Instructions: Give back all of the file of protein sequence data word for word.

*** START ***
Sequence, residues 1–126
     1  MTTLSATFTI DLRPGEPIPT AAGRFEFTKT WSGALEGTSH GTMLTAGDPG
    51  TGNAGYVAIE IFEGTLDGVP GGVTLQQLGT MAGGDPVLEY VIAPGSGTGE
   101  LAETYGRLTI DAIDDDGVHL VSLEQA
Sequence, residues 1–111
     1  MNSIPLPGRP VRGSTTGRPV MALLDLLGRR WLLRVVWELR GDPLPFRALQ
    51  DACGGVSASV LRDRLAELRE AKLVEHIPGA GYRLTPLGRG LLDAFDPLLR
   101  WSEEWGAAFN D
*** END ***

Sequence, residues 1–126
     1  MTTLSATFTI DLRPGEPIPT AAGRFEFTKT WSGALEGTSH GTMLTAGDPG
    51  TGNAGYVAIE IFEGTLDGVP GGVTLQQLGT MAGGDPVLEY VIAPGSGTGE
   101  LAETYGRLTI DAIDDDGVHL VSLEQA
Sequence, residues 1–111
     1  MNSIPLPGRP VRGSTTGRPV MALLDLLGRR WLLRVVWELR GDPLPFRALQ
    51  DACGGVSASV LRDRLAELRE AKLVEHIPGA GYRLTPLGRG LLDAFDPLLR
   101  WSEEWGAAFN D